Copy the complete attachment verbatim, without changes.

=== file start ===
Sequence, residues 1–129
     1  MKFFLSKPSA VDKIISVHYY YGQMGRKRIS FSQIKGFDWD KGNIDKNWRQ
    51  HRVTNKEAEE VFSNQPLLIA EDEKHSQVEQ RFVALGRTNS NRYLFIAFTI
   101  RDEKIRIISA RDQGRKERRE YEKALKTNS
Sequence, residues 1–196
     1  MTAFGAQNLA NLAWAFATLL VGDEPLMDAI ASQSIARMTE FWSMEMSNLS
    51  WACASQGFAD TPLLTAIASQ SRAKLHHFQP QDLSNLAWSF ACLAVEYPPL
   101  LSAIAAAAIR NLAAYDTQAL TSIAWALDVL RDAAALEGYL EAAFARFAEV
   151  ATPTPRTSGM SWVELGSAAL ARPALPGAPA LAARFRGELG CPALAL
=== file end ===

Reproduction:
Sequence, residues 1–129
     1  MKFFLSKPSA VDKIISVHYY YGQMGRKRIS FSQIKGFDWD KGNIDKNWRQ
    51  HRVTNKEAEE VFSNQPLLIA EDEKHSQVEQ RFVALGRTNS NRYLFIAFTI
   101  RDEKIRIISA RDQGRKERRE YEKALKTNS
Sequence, residues 1–196
     1  MTAFGAQNLA NLAWAFATLL VGDEPLMDAI ASQSIARMTE FWSMEMSNLS
    51  WACASQGFAD TPLLTAIASQ SRAKLHHFQP QDLSNLAWSF ACLAVEYPPL
   101  LSAIAAAAIR NLAAYDTQAL TSIAWALDVL RDAAALEGYL EAAFARFAEV
   151  ATPTPRTSGM SWVELGSAAL ARPALPGAPA LAARFRGELG CPALAL